Metros have issued thousands of fines for breaking water restrictions, according to a repost by the Sunday Times.
The Tshwane, Johannesburg, Ekurhuleni and Cape Town metro councils have issued 1 302 fines or warnings over water usage since restrictions started last year, reported the newspaper.
These include charges against two Pretoria men, who were not named, who are accused of stealing water from a fire hydrant to fill a swimming pool after it was repaired. They could face fines of R2 000 each.
The newspaper reported that Tshwane metro spokesperson Selby Bokaba said reservoirs were at best still only half full but the city was managing the situation, Johannesburg metro spokesperson Tony Taverna-Turisan said water restrictions had cut consumption by 10% to 17% from previous levels, while Cape Town spokesperson Xanthea Limberg said if rain does not arrive by April there will be major problems.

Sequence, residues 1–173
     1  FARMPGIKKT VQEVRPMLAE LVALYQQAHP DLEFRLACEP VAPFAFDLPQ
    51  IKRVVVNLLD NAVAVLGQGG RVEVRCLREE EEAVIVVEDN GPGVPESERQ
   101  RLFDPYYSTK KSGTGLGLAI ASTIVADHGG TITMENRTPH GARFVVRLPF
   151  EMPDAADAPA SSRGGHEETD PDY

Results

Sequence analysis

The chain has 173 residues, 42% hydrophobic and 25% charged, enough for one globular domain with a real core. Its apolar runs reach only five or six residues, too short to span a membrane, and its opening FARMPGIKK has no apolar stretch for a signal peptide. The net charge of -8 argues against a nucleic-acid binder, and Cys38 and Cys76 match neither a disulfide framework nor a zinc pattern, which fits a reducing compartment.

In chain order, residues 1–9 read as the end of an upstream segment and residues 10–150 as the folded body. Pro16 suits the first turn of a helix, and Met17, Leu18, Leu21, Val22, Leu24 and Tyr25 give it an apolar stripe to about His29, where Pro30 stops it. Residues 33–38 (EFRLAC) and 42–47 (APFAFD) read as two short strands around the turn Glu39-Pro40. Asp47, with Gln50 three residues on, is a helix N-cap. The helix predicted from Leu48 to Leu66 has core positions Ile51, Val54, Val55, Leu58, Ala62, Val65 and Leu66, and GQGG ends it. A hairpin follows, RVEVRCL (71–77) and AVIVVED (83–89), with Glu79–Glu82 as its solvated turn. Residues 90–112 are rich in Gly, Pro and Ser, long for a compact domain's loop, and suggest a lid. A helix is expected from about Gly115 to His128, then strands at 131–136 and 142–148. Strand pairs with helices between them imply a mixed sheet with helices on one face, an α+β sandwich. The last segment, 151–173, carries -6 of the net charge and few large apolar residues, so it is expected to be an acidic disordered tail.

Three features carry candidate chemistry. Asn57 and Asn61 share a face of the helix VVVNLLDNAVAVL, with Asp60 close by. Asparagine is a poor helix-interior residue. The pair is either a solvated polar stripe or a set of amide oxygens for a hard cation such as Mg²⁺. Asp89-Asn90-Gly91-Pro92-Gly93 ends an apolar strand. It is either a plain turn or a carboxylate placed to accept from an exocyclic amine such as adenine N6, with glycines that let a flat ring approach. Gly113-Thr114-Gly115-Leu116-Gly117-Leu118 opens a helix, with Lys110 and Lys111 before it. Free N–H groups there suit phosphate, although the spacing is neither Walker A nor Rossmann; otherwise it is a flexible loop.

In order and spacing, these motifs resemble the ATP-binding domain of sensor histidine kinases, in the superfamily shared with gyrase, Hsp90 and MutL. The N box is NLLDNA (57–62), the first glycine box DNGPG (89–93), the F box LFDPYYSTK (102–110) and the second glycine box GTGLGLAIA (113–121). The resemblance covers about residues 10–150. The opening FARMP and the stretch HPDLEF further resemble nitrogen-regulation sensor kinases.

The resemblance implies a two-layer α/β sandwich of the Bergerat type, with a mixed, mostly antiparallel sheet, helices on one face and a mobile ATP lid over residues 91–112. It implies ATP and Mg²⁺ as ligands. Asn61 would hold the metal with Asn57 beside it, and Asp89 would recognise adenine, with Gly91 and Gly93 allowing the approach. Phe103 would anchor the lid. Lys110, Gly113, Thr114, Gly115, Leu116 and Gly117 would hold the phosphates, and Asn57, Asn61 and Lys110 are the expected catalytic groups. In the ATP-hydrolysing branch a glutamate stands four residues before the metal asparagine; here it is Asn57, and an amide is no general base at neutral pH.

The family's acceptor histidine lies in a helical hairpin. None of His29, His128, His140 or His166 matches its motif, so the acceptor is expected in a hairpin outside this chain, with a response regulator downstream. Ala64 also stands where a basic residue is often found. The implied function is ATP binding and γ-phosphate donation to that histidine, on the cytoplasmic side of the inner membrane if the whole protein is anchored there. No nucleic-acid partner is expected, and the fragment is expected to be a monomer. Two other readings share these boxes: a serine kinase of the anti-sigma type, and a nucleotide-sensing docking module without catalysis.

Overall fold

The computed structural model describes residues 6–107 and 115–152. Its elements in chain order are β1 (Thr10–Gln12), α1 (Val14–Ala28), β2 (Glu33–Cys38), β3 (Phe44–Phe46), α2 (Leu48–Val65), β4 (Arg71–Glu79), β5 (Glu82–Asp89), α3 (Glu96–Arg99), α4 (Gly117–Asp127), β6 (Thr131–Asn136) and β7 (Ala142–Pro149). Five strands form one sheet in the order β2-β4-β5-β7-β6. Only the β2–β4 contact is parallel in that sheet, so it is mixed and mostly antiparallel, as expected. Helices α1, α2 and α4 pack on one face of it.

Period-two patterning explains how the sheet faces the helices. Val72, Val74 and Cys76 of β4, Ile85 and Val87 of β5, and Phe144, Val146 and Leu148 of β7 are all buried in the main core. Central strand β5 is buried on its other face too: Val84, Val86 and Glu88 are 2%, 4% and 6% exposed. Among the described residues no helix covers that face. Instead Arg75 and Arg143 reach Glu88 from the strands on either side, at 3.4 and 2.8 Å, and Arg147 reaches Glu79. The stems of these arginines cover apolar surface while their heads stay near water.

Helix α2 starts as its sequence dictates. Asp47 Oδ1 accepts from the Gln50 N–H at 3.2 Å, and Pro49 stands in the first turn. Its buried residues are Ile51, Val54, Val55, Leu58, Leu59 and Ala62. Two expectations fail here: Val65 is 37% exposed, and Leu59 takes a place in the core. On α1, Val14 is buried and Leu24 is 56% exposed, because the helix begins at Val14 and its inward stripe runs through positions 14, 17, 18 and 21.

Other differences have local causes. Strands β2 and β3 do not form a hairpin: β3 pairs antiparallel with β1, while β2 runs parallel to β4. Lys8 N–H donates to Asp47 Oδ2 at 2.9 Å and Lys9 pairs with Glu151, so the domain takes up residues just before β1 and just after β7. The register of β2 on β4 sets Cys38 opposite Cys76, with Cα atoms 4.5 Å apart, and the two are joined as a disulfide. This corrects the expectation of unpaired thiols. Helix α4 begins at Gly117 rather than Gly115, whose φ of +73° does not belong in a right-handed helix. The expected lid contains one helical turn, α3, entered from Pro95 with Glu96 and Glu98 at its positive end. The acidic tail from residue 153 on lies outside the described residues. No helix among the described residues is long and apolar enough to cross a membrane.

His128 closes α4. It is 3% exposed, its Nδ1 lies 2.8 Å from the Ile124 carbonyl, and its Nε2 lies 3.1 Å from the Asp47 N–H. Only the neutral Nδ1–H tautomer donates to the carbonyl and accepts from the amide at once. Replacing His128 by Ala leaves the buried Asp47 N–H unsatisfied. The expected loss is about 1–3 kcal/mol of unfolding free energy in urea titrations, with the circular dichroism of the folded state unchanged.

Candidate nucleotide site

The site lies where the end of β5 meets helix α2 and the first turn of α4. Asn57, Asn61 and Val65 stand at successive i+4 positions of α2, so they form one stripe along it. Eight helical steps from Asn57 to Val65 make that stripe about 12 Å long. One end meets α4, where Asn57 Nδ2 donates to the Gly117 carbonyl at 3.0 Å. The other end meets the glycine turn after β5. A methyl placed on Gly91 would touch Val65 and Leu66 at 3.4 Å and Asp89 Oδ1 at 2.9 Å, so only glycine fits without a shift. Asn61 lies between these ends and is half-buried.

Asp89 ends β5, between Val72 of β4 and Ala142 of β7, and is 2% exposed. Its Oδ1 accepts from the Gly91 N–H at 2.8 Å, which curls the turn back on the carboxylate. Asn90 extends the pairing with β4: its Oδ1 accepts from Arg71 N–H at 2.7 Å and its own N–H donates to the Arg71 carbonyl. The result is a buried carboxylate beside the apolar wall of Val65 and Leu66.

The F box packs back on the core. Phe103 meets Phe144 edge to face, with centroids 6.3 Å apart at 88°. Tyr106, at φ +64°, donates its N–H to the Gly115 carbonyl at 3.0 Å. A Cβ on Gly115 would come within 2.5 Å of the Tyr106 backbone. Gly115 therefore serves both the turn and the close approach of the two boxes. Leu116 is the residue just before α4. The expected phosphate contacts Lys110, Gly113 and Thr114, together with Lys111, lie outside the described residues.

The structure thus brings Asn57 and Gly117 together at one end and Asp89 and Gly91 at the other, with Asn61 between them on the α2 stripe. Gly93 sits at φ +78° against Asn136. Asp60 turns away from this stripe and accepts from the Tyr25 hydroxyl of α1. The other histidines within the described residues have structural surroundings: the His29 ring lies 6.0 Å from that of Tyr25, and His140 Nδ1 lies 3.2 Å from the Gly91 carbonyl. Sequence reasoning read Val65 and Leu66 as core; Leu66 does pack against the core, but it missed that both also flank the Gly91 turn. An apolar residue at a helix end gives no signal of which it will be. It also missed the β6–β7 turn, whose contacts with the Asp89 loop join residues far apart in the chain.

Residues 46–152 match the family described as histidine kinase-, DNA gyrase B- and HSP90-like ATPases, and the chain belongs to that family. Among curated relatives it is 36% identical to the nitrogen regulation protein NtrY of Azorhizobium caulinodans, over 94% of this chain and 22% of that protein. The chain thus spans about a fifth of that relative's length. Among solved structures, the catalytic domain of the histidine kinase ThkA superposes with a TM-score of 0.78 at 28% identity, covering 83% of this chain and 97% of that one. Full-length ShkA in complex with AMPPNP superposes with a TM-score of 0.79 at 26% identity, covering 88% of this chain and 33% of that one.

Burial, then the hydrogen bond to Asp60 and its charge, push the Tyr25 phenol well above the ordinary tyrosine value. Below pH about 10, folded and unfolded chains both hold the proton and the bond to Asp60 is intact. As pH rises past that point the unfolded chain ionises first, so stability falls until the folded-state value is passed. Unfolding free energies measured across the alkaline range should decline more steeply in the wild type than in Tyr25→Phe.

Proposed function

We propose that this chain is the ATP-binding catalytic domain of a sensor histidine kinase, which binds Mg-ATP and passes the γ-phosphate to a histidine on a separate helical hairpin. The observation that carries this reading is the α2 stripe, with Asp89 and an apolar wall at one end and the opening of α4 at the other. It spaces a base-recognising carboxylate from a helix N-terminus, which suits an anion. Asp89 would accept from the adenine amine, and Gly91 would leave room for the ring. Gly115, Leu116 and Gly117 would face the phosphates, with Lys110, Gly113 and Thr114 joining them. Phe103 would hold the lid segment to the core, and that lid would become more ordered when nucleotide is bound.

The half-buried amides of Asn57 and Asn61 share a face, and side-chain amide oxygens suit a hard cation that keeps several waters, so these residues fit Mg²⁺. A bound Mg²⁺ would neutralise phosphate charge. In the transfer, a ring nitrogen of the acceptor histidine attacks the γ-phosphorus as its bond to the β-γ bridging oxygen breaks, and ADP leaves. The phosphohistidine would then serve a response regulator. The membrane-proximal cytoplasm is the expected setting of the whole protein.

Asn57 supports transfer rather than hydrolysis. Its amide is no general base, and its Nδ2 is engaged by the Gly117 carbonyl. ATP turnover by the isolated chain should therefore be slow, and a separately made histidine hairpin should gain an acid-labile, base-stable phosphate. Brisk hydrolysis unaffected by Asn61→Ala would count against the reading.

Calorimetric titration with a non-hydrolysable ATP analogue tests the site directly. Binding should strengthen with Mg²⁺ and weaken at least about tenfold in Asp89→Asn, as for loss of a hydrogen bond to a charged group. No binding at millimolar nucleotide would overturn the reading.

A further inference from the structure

Meanwhile the data on the Department of Water and Sanitation website shows that while the drought is easing, it's not over yet.
A map of drought areas on the website, dated December but the most recent on the site, indicates that Gauteng is no longer regarded as a drought area.
The map indicates that of the total of 28 356 settlements nationally, 141 are affected by "extreme" drought, another 972 by "severe" drought and another 5 656 by "moderate" drought. The worst-affected provinces are the Eastern Cape (3 024 settlements), KwaZulu-Natal (2 640) and the Western Cape (952).
The department's report on the state of the dams indicates that Gauteng's four dams are looking good -- Bon Accord, Rietvlei and Roodeplaat are all full and Bronkhorstspruit is at 72% as at January 30 -- but their total storage capacity is only 115 million cubic metres.
The Vaal Dam in the Free State (total capacity 2 604 million cubic metres), the key water source for Gauteng, was 63% full on January 30, up from the 53% at the same time a year ago.